Iraqi defense minister subpoenaed over accusing lawmakers of graft

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General Obide
General Obide
General Khakud al-Obeidi

… from Press TV,  Tehran

Graft corruption takes a front row seat
Graft corruption takes a front row seat

[ Editor’s Note: It is very unusual that a high level corruption battle like this one in Iraq would go public in such a major way, but it gives us a rare view into the belly of the beast. By that I mean that too often we see the officials are anti-corruption only when they are not being cut in.

But this is not necessarily just for personal profit. In many Mid East, Caucasus or Balkan countries, the public does not make enough money to be significant funders of the political process.

Candidates and parties have to fund themselves, and the main source of that money is to get a piece of the action on the big government contracts, which in this Iraq case, are military ones.

The twist in the current case is that the Defense Minister and top Parliament officials are accusing each other of corruption. Often in these cases, when the military brass find out that key political officials are keeping the big contract bribery money for themselves, they feel slighted and want what they feel is their fair share.

When all are members of the same tribe, that often will be done, but when in different tribes, then a showdown ensues, like the one we are seeing. Cash is the mother’s milk of political power, and without it, you don’t have any, hence the junkyard dogfights you see to get into the positions where you can get your hands on it. 

All those who supported you politically are expecting you to support them, and are fully on board your taking whatever you can get your hands on from contract fraud. To date, no one seems to have come up with a viable alternative, and that includes Western countries that have their own version of the problemJim W. Dean ]

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Everybody wants to get cut in on the graft
Everybody wants to get cut in on the graft

– First published  …  August 07, 2016

House Speaker Salim al-Juburi
House Speaker Salim al-Juburi

Iraqi Defense Minister Khalid al-Obeidi received a subpoena Sunday to appear in court on the ground of accusing a number of parliamentarians, including House Speaker Salim al-Juburi, of corruption.

The subpoena was issued after Obeidi was summoned to the parliament on August 1 to respond to allegations of blackmail in the Defense Ministry brought up against him by lawmaker Alia Nasayif.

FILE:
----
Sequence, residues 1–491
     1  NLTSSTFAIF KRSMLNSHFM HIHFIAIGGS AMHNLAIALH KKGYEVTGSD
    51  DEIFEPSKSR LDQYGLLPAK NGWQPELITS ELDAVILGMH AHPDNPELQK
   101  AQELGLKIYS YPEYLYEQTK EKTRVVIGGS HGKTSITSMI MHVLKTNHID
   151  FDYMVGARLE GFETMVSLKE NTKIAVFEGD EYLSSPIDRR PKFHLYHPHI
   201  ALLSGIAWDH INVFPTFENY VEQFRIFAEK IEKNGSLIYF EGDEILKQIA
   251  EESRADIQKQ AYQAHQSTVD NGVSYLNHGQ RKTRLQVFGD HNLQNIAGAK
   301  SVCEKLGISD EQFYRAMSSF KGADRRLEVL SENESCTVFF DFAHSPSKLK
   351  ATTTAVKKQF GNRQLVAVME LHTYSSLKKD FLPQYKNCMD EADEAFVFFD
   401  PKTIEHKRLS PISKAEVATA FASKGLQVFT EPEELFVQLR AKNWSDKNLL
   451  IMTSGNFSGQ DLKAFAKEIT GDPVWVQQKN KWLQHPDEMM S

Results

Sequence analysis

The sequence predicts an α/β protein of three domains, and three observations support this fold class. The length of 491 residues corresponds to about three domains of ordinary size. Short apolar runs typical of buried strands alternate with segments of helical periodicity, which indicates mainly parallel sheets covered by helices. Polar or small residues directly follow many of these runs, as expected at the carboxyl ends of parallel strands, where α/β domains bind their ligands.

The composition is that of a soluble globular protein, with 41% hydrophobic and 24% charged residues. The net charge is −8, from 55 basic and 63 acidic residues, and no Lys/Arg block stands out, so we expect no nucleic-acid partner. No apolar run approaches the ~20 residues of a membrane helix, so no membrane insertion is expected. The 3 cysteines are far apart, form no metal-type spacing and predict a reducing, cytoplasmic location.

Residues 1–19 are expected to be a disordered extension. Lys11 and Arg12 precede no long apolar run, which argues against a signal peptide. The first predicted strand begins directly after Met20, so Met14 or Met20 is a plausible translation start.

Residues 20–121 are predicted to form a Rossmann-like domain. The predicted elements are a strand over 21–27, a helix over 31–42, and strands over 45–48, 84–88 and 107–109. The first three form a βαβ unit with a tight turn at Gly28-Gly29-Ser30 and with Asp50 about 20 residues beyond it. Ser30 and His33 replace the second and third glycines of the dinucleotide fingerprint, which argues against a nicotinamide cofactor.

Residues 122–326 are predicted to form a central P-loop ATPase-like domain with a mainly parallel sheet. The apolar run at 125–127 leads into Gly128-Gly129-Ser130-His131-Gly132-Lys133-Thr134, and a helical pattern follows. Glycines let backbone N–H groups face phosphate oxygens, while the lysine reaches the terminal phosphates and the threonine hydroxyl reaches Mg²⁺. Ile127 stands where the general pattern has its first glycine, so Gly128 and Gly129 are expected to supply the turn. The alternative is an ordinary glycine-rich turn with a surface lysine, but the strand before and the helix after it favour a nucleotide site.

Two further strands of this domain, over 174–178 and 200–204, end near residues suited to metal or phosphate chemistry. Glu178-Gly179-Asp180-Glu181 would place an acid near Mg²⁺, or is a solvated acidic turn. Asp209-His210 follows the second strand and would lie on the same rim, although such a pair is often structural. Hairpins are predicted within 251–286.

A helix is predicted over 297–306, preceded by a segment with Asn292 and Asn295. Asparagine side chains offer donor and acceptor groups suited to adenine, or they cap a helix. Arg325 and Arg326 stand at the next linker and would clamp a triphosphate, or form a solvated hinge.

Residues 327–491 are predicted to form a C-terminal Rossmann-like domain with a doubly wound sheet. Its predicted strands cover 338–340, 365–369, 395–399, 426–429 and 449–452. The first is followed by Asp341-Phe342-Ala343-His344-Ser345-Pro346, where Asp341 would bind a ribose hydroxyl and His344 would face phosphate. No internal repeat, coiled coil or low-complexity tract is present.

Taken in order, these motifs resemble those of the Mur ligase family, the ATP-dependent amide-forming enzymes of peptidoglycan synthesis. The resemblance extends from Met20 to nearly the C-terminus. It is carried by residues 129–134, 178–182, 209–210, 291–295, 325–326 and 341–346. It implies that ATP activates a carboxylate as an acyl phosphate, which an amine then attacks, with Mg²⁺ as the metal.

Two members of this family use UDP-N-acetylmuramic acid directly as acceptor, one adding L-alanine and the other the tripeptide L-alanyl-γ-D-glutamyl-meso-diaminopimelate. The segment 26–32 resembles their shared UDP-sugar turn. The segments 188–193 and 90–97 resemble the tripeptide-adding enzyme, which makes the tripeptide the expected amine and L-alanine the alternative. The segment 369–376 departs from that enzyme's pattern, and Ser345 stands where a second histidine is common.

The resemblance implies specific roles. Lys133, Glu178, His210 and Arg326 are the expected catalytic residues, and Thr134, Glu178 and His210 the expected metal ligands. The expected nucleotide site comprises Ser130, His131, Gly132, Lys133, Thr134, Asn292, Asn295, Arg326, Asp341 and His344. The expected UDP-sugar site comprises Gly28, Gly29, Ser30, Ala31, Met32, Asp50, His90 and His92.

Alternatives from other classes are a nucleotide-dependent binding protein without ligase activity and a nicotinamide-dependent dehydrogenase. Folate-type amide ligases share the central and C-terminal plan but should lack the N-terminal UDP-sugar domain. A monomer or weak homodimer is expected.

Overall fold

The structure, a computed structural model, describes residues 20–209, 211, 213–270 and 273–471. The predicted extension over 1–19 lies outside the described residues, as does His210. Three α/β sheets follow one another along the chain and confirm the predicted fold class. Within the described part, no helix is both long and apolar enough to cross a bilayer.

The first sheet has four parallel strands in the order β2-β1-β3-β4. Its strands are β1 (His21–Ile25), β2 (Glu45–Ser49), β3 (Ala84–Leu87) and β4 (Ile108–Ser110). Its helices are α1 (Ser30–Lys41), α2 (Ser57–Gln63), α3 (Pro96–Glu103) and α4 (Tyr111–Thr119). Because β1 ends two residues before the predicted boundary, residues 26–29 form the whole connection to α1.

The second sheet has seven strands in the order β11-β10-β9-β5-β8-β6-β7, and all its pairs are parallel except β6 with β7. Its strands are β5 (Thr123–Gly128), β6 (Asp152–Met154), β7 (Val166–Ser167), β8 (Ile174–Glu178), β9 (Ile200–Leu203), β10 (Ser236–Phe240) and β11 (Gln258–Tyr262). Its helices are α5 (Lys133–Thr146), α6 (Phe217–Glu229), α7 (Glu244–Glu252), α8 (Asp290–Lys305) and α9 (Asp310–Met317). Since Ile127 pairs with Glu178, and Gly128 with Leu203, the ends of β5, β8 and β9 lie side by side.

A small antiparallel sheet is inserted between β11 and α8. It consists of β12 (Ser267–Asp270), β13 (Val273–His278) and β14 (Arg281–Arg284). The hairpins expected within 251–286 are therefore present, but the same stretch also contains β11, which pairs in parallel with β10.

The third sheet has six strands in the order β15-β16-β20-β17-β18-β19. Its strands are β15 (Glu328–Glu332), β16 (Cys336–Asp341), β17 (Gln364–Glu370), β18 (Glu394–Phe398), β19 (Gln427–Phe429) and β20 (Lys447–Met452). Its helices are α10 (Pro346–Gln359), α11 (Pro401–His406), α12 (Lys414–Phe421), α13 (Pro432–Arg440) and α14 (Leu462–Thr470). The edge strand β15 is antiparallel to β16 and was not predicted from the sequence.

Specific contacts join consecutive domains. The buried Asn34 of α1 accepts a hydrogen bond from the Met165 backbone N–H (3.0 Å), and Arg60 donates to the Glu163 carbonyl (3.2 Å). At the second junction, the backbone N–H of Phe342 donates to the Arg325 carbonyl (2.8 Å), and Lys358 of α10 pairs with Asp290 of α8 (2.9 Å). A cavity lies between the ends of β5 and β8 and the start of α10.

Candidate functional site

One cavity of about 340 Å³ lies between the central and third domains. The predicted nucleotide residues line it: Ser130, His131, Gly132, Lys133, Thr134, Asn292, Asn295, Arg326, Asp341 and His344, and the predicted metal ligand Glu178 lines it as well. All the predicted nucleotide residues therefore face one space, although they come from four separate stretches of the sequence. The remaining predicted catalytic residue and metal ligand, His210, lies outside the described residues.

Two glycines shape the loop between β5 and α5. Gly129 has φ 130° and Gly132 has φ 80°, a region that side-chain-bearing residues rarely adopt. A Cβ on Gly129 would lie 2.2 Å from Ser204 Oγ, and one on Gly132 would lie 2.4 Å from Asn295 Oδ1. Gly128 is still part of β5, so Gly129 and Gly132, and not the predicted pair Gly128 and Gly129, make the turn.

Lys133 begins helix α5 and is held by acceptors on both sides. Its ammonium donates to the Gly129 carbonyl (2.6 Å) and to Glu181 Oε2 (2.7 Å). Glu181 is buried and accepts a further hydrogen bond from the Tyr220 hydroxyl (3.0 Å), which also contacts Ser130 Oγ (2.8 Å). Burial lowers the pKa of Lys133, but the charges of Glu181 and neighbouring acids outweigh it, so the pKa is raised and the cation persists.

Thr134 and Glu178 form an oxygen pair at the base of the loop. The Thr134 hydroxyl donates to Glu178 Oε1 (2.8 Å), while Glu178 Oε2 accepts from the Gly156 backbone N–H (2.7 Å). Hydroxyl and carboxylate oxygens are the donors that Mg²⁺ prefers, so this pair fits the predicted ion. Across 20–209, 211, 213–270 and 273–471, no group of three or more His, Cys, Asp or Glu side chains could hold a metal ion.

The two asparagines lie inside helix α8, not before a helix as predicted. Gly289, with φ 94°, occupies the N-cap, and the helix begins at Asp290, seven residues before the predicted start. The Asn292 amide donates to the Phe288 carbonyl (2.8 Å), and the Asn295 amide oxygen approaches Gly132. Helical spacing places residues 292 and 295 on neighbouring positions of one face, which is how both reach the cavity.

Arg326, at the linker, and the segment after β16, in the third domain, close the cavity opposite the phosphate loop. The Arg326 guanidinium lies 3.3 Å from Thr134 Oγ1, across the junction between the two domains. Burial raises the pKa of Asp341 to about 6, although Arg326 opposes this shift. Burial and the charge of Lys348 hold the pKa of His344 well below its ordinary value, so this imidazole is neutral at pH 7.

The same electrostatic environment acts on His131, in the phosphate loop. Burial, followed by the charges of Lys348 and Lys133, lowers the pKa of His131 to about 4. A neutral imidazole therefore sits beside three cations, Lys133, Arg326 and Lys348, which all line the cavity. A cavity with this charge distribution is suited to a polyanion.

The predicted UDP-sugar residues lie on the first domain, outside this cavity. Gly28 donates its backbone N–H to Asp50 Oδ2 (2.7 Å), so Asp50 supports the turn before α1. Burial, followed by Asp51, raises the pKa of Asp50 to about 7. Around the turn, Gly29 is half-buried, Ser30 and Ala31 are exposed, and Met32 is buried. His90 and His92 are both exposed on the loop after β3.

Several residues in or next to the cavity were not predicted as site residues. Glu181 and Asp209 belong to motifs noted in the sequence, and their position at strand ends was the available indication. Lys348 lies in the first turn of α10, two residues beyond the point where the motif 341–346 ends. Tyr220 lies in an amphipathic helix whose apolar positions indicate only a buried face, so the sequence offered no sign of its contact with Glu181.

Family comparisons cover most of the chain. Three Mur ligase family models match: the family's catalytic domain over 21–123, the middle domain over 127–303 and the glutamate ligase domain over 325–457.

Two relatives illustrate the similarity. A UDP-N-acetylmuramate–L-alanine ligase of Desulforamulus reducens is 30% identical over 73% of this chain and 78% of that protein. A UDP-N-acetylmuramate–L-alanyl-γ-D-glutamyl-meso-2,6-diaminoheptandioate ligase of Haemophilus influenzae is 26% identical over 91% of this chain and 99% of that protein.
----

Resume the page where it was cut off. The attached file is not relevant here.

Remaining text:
During the closed parliament session, however, the defense minister accused Juburi and at least five other lawmakers, including Nasayif herself, of corruption.

The lawmakers accused the Defense Ministry of wasting billions of dollars in public funds and weakening the country’s armed forces in their fight against the Daesh Takfiri terrorist group.

Obeidi said he was being challenged in retribution for his rejection of corruption, accusing the parliamentarians of seeking to blackmail him in order to pass corrupt deals, including a USD1-billion catering contract, a USD2.8-billion accord for armored vehicles, and a USD421-million pact for American Hummer military vehicles.

Juburi and other accused lawmakers strongly rejected the allegations but the charges Obeidi leveled against them during the questioning was sufficient to prompt Prime Minister Haider al-Abadi to order a temporary travel ban on suspected corrupt officials. Iraq’s chief prosecutor also lodged an official complaint against Juburi and other named lawmakers on graft charges.

Juburi rejected the travel prohibition. He said the measure could only be ordered by the judiciary.

Obeidi has to present evidence to prove the charges he brought up against the lawmakers.

Earlier this year, Iraqi citizens held sit-ins inside Baghdad’s highly fortified Green Zone aimed at keeping up pressure on the government to change ministers in an attempt to combat systemic political patronage, which has paved the way for graft. The protests were called by the prominent cleric Muqtada al-Sadr.

The Iraqi prime minister has faced calls to reform the country’s political structure in a bid to tackle corruption. The scandal also surfaced at a critical time when the Iraqi armed forces prepare to launch a full-scale offensive to recapture the second-largest city of Mosul from Daesh.

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